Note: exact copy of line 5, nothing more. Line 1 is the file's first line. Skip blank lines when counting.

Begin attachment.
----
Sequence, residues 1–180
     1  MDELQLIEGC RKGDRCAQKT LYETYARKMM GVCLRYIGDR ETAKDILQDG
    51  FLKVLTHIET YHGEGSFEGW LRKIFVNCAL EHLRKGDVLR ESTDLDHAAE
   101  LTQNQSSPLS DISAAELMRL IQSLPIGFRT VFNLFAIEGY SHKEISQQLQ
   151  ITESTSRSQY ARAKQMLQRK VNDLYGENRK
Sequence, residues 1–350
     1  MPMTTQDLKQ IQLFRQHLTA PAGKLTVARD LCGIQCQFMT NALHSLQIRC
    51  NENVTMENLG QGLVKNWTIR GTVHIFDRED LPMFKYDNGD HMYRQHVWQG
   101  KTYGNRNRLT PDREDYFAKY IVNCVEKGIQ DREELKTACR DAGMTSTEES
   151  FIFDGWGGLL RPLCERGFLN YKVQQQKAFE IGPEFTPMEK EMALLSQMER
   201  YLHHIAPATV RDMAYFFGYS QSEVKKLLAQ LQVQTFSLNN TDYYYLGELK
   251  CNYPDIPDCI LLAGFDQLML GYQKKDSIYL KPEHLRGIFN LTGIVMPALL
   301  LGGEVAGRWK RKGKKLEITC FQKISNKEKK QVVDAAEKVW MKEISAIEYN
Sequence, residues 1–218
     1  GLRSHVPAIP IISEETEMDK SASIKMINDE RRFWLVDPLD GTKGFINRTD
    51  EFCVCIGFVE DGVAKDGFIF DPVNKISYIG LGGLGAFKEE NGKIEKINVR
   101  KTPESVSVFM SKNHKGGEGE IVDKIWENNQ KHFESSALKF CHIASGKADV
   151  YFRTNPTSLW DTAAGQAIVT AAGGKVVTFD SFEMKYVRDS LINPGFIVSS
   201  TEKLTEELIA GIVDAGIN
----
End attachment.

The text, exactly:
   151  ITESTSRSQY ARAKQMLQRK VNDLYGENRK